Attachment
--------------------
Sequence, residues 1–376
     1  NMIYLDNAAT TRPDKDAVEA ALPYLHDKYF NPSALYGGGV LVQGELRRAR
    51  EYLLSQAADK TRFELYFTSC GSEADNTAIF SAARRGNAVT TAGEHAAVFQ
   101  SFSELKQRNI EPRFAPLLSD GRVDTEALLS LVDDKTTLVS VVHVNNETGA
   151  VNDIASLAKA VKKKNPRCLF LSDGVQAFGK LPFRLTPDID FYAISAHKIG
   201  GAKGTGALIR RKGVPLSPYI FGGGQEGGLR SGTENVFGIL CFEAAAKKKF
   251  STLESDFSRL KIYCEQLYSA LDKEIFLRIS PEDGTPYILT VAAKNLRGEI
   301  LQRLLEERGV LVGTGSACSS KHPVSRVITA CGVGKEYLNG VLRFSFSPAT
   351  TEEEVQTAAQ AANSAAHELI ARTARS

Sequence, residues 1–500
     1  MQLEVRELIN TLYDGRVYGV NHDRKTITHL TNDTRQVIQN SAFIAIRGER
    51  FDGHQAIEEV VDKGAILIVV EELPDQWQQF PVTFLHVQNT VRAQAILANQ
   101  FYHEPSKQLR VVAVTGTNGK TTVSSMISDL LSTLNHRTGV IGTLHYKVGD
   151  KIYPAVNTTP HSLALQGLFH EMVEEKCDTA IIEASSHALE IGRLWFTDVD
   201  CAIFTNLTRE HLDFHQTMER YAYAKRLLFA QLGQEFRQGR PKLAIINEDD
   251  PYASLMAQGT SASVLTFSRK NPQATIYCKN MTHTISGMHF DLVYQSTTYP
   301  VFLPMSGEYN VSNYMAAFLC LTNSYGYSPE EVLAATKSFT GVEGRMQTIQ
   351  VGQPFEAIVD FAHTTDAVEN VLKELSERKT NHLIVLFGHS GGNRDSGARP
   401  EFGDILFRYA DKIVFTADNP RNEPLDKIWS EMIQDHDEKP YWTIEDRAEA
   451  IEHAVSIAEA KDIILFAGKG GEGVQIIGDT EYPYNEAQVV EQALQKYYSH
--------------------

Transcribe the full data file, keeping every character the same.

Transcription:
Sequence, residues 1–376
     1  NMIYLDNAAT TRPDKDAVEA ALPYLHDKYF NPSALYGGGV LVQGELRRAR
    51  EYLLSQAADK TRFELYFTSC GSEADNTAIF SAARRGNAVT TAGEHAAVFQ
   101  SFSELKQRNI EPRFAPLLSD GRVDTEALLS LVDDKTTLVS VVHVNNETGA
   151  VNDIASLAKA VKKKNPRCLF LSDGVQAFGK LPFRLTPDID FYAISAHKIG
   201  GAKGTGALIR RKGVPLSPYI FGGGQEGGLR SGTENVFGIL CFEAAAKKKF
   251  STLESDFSRL KIYCEQLYSA LDKEIFLRIS PEDGTPYILT VAAKNLRGEI
   301  LQRLLEERGV LVGTGSACSS KHPVSRVITA CGVGKEYLNG VLRFSFSPAT
   351  TEEEVQTAAQ AANSAAHELI ARTARS

Sequence, residues 1–500
     1  MQLEVRELIN TLYDGRVYGV NHDRKTITHL TNDTRQVIQN SAFIAIRGER
    51  FDGHQAIEEV VDKGAILIVV EELPDQWQQF PVTFLHVQNT VRAQAILANQ
   101  FYHEPSKQLR VVAVTGTNGK TTVSSMISDL LSTLNHRTGV IGTLHYKVGD
   151  KIYPAVNTTP HSLALQGLFH EMVEEKCDTA IIEASSHALE IGRLWFTDVD
   201  CAIFTNLTRE HLDFHQTMER YAYAKRLLFA QLGQEFRQGR PKLAIINEDD
   251  PYASLMAQGT SASVLTFSRK NPQATIYCKN MTHTISGMHF DLVYQSTTYP
   301  VFLPMSGEYN VSNYMAAFLC LTNSYGYSPE EVLAATKSFT GVEGRMQTIQ
   351  VGQPFEAIVD FAHTTDAVEN VLKELSERKT NHLIVLFGHS GGNRDSGARP
   401  EFGDILFRYA DKIVFTADNP RNEPLDKIWS EMIQDHDEKP YWTIEDRAEA
   451  IEHAVSIAEA KDIILFAGKG GEGVQIIGDT EYPYNEAQVV EQALQKYYSH